First Advisor

Kim Brown

Date of Publication


Document Type


Degree Name

Master of Arts (M.A.) in Teaching English to Speakers of Other Languages


Teaching English as a Second Language




English language -- Study and teaching -- Malaya -- Foreign speakers, Second language acquisition -- Malaya



Physical Description

1 online resource (4, vi, 154 p.)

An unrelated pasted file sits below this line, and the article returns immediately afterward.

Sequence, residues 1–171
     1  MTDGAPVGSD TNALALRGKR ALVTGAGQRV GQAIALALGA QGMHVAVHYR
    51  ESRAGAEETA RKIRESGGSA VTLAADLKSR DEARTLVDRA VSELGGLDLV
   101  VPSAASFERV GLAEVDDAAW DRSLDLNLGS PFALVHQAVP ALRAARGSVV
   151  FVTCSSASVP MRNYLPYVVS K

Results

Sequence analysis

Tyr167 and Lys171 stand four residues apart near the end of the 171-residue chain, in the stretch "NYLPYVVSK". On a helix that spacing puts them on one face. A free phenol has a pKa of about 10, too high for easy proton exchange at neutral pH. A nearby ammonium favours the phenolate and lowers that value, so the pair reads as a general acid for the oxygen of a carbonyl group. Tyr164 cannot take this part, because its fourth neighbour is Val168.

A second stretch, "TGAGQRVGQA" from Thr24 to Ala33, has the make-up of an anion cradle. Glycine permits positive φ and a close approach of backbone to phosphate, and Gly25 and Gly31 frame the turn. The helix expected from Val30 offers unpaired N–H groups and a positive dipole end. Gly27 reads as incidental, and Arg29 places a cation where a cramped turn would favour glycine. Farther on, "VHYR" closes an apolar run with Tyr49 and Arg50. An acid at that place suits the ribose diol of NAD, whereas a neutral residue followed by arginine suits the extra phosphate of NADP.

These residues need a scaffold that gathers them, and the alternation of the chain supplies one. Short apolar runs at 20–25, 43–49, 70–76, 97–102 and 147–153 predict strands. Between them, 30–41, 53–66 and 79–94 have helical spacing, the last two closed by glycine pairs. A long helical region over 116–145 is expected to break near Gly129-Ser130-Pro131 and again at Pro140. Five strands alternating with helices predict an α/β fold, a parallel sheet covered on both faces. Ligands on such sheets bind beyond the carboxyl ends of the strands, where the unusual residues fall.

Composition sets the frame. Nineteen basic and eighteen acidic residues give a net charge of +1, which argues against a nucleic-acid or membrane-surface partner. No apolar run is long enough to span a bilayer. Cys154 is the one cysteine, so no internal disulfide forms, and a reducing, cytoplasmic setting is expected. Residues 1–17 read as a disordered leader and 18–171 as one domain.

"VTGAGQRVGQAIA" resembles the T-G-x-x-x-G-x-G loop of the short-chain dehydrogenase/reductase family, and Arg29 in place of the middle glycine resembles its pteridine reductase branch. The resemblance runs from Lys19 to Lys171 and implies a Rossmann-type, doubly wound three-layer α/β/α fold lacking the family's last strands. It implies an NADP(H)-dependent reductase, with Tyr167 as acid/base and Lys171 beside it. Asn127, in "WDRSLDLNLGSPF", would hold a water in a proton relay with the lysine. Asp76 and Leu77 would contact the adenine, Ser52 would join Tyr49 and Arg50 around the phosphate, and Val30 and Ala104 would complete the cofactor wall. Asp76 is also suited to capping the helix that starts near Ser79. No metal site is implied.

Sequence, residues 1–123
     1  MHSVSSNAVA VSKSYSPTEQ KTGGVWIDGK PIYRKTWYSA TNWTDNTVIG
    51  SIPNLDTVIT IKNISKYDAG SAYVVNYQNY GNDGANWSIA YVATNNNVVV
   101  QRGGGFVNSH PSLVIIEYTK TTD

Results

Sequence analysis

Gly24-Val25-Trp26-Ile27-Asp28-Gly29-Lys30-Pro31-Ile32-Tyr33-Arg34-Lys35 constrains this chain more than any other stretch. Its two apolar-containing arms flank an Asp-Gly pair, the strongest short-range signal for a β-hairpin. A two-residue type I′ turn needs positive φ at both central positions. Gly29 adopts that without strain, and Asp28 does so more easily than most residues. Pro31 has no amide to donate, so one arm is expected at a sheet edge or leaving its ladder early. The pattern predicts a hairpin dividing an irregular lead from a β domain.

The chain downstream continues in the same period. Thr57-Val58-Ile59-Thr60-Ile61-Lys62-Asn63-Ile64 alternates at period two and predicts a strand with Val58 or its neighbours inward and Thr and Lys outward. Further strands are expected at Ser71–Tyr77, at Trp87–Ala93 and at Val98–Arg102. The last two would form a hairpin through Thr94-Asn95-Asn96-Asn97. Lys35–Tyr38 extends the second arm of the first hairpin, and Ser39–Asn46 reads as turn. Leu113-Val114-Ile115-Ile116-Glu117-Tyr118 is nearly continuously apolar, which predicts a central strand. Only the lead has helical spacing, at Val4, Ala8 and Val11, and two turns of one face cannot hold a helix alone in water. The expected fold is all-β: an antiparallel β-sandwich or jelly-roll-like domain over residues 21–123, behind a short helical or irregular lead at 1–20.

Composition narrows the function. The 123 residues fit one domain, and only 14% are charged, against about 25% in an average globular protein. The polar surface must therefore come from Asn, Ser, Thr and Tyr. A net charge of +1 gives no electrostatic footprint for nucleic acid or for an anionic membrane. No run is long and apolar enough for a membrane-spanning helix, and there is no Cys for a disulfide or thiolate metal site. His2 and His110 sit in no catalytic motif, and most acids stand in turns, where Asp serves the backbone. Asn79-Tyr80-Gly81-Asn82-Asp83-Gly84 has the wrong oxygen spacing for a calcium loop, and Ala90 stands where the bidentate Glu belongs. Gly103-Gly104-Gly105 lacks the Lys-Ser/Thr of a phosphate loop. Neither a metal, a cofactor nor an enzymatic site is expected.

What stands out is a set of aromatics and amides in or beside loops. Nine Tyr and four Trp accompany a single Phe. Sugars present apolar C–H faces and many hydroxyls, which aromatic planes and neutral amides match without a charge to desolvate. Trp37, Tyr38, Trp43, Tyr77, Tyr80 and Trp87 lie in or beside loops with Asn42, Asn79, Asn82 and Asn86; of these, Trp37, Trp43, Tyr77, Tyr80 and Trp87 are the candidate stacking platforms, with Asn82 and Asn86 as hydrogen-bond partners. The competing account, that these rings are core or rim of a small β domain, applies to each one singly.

In the past, the process by which language acquisition took place was largely ignored. Learning strategies were found to reveal much of the processes that occurred in a learner. In recent years, however, there was a greater emphasis in discovering learner's strategies because of the important role it played in helping the learner control his learning. Most researchers (e.g., Rubin 1975, Stern 1974, O'Malley 1985) emphasize not only the importance of learner strategies in helping the student direct his own learning, but they also emphasize the usefulness of transferring strategies used by successful learners to less successful learners. In order to discover the number and type of strategies that Malaysian learners actually use, it was necessary to distinguish first the successful and unsuccessful learners as well as to distinguish the three different ethnic groups (Malays, Chinese, and Indians) that live in Malaysia. This study examines an aspect of learner strategies in a multi-cultural environment, and attempts to answer research questions regarding the following: 1 . The kind of strategies used by successful and unsuccessful learners within each ethnic group. 2. The number of strategies used by successful and unsuccessful learners within each ethnic group. 3. The kind of strategies used by successful learners among the three groups. 4. The number of strategies used by successful and unsuccessful learners among the three groups. To examine these questions, Oxford's Strategy Inventory for Language Learning (SILL) was employed on ninety-eight Malaysian subjects. The inventory consisted of 50 questions consisting of six major strategy groups (memory, cognitive, compensation, metacognitive, affective, and social). The data from the questionnaires was statistically analyzed using the Kruskal-Wallis and the Mann-Whitney U test. It was discovered that successful and unsuccessful Malaysian learners in general did not use strategies very differently from each other. The only strategy that seemed to be used differently was memory and effective strategies. The number of strategies used did not also· differ very significantly from each other. Their close mean scores indicated that the difference in the number of strategies used was minimal. Also, the most frequently used strategies appeared to be metacognitive and compensation strategies for all three ethnic groups. It would seem surprising that given the multi-cultural environment, and the differences in the Malaysian learners background, the type and number of strategies did not appear to differ very much from each other. The reason could lie in Oxford's inventory which seemed to be more Western-based than Easternbased, or it could be that something else was happening here, and Malaysian learners were using a whole different set of strategies not listed in Oxford's SILL. Nevertheless, the differences in findings among different countries may reveal to us that findings in one country are greatly linked to their cultural backgrounds, and thus one should be cautious in trying to generalize it for other countries.


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